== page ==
December 1996 Reviews This Month
By Jim Forbes
Some notebook computers age well. The latest addition to Hewlett-Packard's go-anywhere ultra-compact OmniBook family, the 800CT, is a great example.
HP reengineered its three-year-old OmniBook line, and its latest version, the 800CT, is a screamer. What's new about this machine? Its screen, 133MHz Pentium processor, video and hard disk subsystems, and the underlying PCI architecture all combine for top-of-the-line notebook performance. Add an ultra-compact design (it measures 1.6 by 11 by 7.25 inches; without its battery charger or external floppy disk drive it weighs only 3.72 pounds), and the HP OmniBook 800CT stands far above the crowd.
The base configuration of the 800CT includes a 133MHz processor, 16MB of EDO system memory, Windows 95, a 2.5-amp lithium ion power cell, an IBM manufactured 1.44GB hard drive, an external 3.5-inch floppy drive and a 10.4-inch active-matrix color screen. It's a snap to connect the 800CT to external devices. The system ships standard with one serial, one parallel, one SCSI, an external SVGA video and one 4Mb-per-second infrared port. It also includes a 16-bit Sound Blaster-compatible sound card and two Type II PCMCIA slots. Although HP touts this machine as a desktop replacement-via an optional docking system-it works best in its portable role.
A second version of this machine, the OmniBook 800CS, comes with a 100MHz Pentium, an 810MB hard drive and a 10-inch dual-scan passive-matrix color screen. I've used the OmniBook 800CS for the last month and really like its lightweight, rugged construction and fast performance. The 800CS is priced at $3,050, whereas the 800CT review unit costs $4,370.
Running our Wintune benchmarks, the 800CT scored a three-pass average of 239MIPS (slightly below average). Its 2.16MB-per-second average uncached disk throughput is about average. Its scorching 8.5Mpixel-per-second video score was surprising, thanks to its 128-bit NeoMagic graphics controller.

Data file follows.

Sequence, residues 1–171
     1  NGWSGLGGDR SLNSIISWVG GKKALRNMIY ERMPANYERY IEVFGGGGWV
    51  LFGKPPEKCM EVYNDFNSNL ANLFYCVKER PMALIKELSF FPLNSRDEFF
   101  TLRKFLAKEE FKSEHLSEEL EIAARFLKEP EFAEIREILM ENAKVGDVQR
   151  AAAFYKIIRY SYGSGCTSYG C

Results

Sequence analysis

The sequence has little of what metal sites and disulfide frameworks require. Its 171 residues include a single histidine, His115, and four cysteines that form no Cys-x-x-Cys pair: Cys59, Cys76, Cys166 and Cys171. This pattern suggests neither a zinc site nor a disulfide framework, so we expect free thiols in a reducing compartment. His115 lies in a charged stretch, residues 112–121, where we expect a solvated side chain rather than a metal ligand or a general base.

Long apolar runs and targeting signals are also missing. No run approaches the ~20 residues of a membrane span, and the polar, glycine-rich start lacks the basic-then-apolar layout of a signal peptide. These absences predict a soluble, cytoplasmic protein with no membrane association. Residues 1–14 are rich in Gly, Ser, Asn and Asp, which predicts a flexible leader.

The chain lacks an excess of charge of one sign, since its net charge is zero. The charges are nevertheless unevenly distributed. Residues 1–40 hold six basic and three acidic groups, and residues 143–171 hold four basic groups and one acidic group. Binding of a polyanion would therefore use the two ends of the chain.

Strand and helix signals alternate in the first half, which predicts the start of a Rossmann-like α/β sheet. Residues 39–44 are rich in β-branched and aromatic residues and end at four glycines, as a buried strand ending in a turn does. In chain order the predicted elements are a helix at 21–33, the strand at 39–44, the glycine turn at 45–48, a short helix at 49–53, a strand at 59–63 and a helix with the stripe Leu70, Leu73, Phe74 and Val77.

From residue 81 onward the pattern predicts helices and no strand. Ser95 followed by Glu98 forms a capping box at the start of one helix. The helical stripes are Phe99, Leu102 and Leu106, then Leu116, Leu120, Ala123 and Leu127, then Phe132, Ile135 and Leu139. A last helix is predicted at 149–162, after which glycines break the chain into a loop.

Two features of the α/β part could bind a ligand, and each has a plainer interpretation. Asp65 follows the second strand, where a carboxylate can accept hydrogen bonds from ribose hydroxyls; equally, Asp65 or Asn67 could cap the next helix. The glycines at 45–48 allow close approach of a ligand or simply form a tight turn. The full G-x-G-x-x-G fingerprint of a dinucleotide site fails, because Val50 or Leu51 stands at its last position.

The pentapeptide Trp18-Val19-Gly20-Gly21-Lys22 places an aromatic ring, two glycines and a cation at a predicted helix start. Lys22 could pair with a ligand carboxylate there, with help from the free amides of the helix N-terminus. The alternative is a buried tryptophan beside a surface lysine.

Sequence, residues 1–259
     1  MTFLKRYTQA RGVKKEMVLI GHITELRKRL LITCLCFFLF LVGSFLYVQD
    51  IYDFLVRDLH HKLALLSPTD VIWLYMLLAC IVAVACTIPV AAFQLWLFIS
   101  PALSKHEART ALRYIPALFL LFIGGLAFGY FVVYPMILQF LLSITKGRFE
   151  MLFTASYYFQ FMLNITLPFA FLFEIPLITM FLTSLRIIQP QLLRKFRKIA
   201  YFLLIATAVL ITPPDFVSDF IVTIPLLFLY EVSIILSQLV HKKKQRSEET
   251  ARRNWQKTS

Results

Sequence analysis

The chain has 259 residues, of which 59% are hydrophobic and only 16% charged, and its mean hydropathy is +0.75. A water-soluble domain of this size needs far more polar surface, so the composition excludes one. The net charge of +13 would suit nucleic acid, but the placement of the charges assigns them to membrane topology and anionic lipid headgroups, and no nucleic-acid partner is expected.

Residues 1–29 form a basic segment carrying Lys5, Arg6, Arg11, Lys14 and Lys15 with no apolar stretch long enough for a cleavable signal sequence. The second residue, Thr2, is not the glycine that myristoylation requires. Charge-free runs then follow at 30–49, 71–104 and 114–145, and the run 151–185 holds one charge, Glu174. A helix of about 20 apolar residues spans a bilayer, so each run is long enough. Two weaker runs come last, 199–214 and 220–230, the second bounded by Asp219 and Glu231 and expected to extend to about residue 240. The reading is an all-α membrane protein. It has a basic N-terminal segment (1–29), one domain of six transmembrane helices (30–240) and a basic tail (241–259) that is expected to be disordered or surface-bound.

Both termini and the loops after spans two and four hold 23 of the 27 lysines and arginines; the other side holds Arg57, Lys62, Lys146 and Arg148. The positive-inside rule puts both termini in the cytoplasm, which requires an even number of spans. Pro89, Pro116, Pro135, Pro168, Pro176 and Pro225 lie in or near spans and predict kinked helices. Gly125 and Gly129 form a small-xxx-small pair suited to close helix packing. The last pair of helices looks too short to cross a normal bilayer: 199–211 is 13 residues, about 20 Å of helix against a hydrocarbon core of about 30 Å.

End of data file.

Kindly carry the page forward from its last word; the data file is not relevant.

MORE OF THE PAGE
The 800CT's scores for our 32-bit Word and Excel applications benchmarks were 17.66 and 16 seconds, re-spectively. These scores are on par with machines like the Dell Latitude LM P-133ST and better than those for machines like Toshiba's Portégé 650CT.
You might have to adjust to the 800CT's keyboard. It's compact, but not to the point where it's uncomfortable or difficult to use. The cursor is controlled by a mechanical mouse that slides out of the case's right-hand side.
You can turn the Omni-Book off in the midst of an application. It's a handy feature, but it can and does lead to infrequent hang-ups, which are easily overcome with hard reboots. Save files frequently and you won't have a problem.
While this system has great audio connectivity, the placement of the speaker within the system case may disappoint the audiophile.
An optional $420 CD-ROM drive connects to a SCSI-2 port on the back of the notebook. Connectors are covered by a hinged plastic door. There's a downside to this arrangement: You need to make sure that the power supply plug, which is actually a plastic block, is oriented vertically so you can open and close this door freely.
The new IRDA port is wickedly fast, sending and receiving information at 4Mb per second. I'm a recent convert to infrared connectivity, and HP's implementation is excellent.
Without stringent power conservation, I got only about 1.75 hours from the 2.5-amp lithium power cell. When I selected a more conservative power-management scheme, battery life increased to more than 2.5 hours, which is well above that for most 133MHz notebooks with active-matrix screens.
HP supplies several handy accessories with the OmniBook, including appointment scheduler and power-management software.
The newest version of this proven line overcomes some of the complaints about this machine's screen size, its overall performance and its video subsystem. But one of the oddities about OmniBook is the propensity of its users to employ it only for portable computing. The paradox here is the price of this system and its power, which combined suggest to me that it's a perfect candidate for a docking station-one of the accessories HP offers for the new OmniBook 800 line.
Priced at about $420, HP's docking solution provides you with the option of increasing your OmniBook's functionality. The docking station will accept either a half-sized 16-bit or 32-bit PCI expansion card and duplicates all of the external connections found on the back of the notebook.
If you need high performance graphics and have deep pockets, OmniBook is probably for you.
Weighing in at less than 4 pounds, the HP OmniBook 800CT is a 133MHz Pentium ultra-compact notebook.
HP OmniBook 800CT
Pros: Lightweight; rugged; excellent video performance; good connectivity
Cons: Price; docking solution seems cumbersome
WinMag Box Score 3.5